Overall

The game is STILL a very hot beta mess offering a poorly written, badly conceived and boring storytelling system utilizing no NPCs. The combat system is the worst system I’ve encountered in a top tier game developer’s title. No joke. It is the absolute worst. Even the patching hasn’t improved it. If anything, it’s actually gotten worse.

There are times where button presses are entirely unresponsive. You might have to press the button two or three times rapidly to get the game to register even one press. You might be trying to pick up something, trying to fire your weapon, trying to search a container or it might manifest in any other number of ways. Unreliable button presses are the death of a game that so heavily relies on real time play value.

No amount of patching or DLC will solve these basic fundamental engine problems. To solve the storytelling problem, you need to add NPCs to the game.. which would require redesigning the game from scratch. To solve the combat problem, you need to redesign the combat system from the ground up using a practical engine actually designed for real-time online use.

You can’t take a 20 year old offline game engine and attempt to patch it for an online use. Doing so will produce exactly the problems found in Fallout 76. Fallout 76 needed a game engine designed entirely for online play. Designed for real-time combat. Designed for real-time activities. Designed for responsive button presses.

Unfortunately, what we got was a crapfest of epic proportions that Bethesda will neither acknowledge nor comment on. If this is Bethesda’s new game development norm, I won’t be investing in any more Bethesda games. It’s just not worth paying $60 (or more) to be an alpha tester for a game written on old technology that isn’t up to the task.

In short, Fallout 76 is STILL an immense hot mess that has not at all improved since its November launch.

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Rant Time: Pizza Hut “Service Fee”?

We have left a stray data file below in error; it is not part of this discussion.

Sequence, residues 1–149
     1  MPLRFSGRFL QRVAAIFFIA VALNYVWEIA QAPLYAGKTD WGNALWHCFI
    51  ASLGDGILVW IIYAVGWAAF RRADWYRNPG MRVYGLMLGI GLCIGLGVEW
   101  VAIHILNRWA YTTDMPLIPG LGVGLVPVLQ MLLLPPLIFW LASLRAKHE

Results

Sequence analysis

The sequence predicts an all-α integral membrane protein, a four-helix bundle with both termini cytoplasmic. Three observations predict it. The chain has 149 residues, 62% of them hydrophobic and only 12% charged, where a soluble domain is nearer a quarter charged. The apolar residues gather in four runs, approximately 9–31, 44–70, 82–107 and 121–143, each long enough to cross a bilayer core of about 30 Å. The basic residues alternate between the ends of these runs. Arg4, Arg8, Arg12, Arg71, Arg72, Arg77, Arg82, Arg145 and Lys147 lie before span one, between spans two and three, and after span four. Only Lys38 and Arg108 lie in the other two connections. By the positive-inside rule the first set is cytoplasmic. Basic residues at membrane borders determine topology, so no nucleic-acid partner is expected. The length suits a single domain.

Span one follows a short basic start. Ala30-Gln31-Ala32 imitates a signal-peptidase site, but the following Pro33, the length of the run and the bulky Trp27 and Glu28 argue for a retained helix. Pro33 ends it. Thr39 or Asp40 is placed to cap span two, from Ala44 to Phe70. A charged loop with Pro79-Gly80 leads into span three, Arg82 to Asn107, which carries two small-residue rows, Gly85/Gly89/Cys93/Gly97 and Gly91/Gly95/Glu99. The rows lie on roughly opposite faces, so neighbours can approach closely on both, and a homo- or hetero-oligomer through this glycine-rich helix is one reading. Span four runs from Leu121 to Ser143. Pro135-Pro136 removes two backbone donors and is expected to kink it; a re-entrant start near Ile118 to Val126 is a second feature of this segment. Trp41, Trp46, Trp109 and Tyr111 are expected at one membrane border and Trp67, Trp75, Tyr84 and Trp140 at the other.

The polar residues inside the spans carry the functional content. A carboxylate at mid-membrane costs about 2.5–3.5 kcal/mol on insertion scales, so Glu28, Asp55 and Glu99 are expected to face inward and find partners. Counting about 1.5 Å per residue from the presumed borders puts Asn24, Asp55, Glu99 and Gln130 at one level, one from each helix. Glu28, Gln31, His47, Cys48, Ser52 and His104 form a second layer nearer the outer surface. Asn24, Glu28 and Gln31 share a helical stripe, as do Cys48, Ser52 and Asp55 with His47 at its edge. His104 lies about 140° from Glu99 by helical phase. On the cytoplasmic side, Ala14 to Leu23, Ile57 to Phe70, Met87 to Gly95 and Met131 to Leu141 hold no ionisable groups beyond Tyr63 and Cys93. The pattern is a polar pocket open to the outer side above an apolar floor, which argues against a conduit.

Posted in botch, business, california, food by commorancy on April 3, 2019

If you’re wondering what Pizza Hut’s “Service Fee” is, you’re not alone. I was wondering this myself on my last visit to Pizza Hut. Let’s Explore.

Service Fee

Apparently, some restaurants have found it hard to continue to do business in California. To that end, some of these restaurants have tried various tactics to raise their prices without raising their prices. I know, it doesn’t make sense to me either. But, there it is.

In that goal, some restaurants have instituted add-on fees to the bill in the form of new line items. For example, The Counter (a hamburger chain) has opted to add an “optional” service fee to the bill. This fee is to counter the higher wage costs they must pay and allow their prices to remain competitive with other chains. Except, it doesn’t keep the food costs competitive.

Pizza Hut appears to have grasped onto this slippery-slope approach with its “Service Fee” on the bill.

Confused

Even the staff taking orders don’t really know what this fee is, who is collecting it or even how to properly describe it. However, they do call it out when they are reading back the total cost of the bill.

When I placed my order, the waitperson misrepresented that it was a state of California fee… meaning, that the state of California was collecting this fee through this restaurant. As far as I know, the only mandated California fee is state sales tax. Yet, I’ve ordered from other restaurants and have paid no such “Service Fees” in addition to state mandated taxes.

No, this cashier was not only confused, she had no idea what it was even for and was clearly not trained to answer the question.